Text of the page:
Netflix’s Texas Chainsaw Massacre Pummeled With Bad Reviews at Rotten Tomatoes


Netflix has released the new Texas Chainsaw Massacre movie which unleashes the deadliest Leatherface yet, but the chainsaw-wielding, blood-covered, face-wearing maniac hasn’t exactly been welcomed back with open arms. As of now, the movie has been hit with the splat of a “rotten” rating at Rotten Tomatoes with a low 30% score. The critics do not always get it right, especially when it comes to bloody slasher films, but the audience score is not too much better with a 37% “rotten” score based on over 500 reviews.

“Did we really need another? And sadly, given the lack of imagination, creativity or even basic attention to logic in a perfunctory and downright silly script, the answer seems a resounding ‘Nope,'” writes Jocelyn Noveck of the Associated Press, arguing that this franchise should be hung out to dry.

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“The new Texas Chainsaw Massacre is a deeply miscalculated mix of incoherent social commentary and over-the-top gore, “Slant Magazine’s Keith Watson adds.

“The filmmakers have whittled Texas Chainsaw Massacre down to its barest form, “says Brian Eggert of Deep Focus Review.” Another in a long line of empty experiences from this franchise, which has never left an impact outside of Hooper’s contributions. “

This is not to say that everyone hated the film. It has its fans who rather enjoyed watching it, and as with the other sequels, we’ll probably see this one grow a cult following over time. One popular argument from fans is that no one should be walking into the new Texas Chainsaw Massacre movie expecting Citizen Kane-level writing, insisting you’ll have a much better time if you’re simply signing up for a gory popcorn flick about a guy that kills people with a chainsaw. The movie has also drawn praise for its cinematography, even from some of its critics.


Related: Texas Chainsaw Massacre Director Explains Why Sally Needed to Return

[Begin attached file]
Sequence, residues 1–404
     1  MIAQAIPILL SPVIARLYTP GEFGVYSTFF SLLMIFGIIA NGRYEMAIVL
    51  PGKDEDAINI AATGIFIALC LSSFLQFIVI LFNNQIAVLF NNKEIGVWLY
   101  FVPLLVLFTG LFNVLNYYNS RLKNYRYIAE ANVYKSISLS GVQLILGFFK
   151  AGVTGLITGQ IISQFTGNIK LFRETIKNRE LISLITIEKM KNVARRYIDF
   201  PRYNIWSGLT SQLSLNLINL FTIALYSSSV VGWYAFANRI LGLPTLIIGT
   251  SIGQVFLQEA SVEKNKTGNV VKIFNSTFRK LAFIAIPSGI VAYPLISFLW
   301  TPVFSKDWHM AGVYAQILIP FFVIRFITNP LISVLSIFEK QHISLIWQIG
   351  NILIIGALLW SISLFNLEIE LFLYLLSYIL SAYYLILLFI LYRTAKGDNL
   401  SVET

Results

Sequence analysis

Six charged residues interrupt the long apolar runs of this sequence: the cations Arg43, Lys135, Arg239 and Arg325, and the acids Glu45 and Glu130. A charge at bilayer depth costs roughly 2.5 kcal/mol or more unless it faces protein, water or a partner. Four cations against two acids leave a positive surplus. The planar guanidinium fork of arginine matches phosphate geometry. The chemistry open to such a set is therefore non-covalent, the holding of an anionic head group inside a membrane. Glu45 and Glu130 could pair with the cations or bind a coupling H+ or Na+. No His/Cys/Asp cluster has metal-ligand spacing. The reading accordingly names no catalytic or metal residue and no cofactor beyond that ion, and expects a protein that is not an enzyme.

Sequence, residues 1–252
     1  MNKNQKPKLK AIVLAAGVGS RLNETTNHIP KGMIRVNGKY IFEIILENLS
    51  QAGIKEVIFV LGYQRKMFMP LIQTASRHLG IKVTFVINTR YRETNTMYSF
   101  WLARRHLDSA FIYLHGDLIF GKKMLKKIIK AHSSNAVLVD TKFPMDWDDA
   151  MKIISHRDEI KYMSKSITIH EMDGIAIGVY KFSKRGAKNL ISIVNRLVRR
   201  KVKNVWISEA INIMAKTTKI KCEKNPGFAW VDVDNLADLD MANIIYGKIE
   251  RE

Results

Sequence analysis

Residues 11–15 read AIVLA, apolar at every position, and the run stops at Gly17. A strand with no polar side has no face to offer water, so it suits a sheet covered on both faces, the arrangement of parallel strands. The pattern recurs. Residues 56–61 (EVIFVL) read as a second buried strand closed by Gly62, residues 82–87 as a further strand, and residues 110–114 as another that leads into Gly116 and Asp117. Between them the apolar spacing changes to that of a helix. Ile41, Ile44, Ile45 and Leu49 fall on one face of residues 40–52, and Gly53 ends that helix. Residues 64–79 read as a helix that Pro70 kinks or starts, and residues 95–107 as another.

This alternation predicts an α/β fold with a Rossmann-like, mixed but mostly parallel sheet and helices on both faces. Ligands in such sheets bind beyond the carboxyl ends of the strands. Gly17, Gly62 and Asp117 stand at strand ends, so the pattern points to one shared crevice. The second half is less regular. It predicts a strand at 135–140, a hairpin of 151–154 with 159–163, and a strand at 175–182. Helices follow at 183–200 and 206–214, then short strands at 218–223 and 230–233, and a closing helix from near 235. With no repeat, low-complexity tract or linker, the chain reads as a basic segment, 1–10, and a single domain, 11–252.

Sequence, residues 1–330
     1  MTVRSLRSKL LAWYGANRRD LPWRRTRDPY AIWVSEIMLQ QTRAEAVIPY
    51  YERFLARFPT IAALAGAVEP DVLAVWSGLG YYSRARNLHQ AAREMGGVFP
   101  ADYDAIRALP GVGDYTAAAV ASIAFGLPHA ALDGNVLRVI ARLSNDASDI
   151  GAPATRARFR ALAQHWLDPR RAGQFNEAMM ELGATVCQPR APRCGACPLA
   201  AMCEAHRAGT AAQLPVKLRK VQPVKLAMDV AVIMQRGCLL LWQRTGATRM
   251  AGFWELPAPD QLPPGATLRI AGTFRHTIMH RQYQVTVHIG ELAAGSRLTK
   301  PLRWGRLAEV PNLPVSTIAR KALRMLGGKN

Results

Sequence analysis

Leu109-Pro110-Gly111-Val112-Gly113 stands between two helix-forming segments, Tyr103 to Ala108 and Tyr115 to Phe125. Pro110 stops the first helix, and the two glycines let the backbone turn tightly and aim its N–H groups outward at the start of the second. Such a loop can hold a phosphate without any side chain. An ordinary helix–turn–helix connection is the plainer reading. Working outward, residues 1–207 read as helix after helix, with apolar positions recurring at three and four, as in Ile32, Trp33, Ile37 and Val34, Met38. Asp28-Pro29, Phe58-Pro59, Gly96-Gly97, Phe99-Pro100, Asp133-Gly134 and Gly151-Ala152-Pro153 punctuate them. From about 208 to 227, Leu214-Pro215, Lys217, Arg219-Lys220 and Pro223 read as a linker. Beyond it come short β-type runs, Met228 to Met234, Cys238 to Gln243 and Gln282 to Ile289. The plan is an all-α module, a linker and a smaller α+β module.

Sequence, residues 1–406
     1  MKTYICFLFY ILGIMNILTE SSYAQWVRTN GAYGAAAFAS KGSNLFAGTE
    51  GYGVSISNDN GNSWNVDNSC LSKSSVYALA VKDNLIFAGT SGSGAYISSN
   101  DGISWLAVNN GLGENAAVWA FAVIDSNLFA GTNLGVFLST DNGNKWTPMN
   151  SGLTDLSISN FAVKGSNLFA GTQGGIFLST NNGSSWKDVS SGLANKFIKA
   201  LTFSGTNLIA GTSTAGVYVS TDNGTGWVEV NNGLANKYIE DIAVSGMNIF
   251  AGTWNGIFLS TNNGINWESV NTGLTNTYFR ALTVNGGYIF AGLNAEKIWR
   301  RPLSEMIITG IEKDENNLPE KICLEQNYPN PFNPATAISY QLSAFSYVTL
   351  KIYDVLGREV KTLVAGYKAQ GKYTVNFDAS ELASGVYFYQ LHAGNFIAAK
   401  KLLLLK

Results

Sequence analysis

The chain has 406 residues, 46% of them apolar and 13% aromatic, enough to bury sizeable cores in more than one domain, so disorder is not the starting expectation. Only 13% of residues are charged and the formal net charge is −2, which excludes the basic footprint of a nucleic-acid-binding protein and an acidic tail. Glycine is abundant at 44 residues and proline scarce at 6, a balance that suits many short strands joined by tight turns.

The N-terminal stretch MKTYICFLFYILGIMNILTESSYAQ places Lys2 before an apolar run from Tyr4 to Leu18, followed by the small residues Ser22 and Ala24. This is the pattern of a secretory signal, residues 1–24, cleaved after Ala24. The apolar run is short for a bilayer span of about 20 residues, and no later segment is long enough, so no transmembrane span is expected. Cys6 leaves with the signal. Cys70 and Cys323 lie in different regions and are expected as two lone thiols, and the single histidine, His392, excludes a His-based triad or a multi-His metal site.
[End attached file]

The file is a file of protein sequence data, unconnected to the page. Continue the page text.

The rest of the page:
Did Taking a Page from Halloween Hurt the New Texas Chainsaw Massacre?


Sally
Netflix

Released in 1974, Tobe Hooper’s The Texas Chain Saw Massacre is one of the most influential horror films of all time, going on to open the door for other iconic genre movies like John Carpenter’s Halloween. The Texas Chainsaw Massacre franchise has come full circle with taking some notes from the Halloween franchise, and this is evident to anyone who’s watched the latest Halloween movies from Blumhouse. Those films bring back Jamie Lee Curtis as Laurie Strode, depicting the final girl as having spent her entire life planning her revenge against Michael Myers.

In the new Texas Chainsaw Massacre, something similar happens with the original film’s final girl Sally Hardesty returning for another showdown with Leatherface. As original actress Marilyn Burns passed away, Olwen Fouéré was brought in to play the part. The trouble with going this route is that it has drawn many comparisons to the Halloween films. This might have given the film the vibe of feeling like a “ripoff” of Halloweenmaking it impossible for some viewers to be as excited about Sally’s return as they were for Laurie.


In any case, there are many different opinions being offered about the film, so if you’re curious, you’re best off watching it for yourself and drawing your own conclusions. Texas Chainsaw Massacre is now streaming on Netflix.



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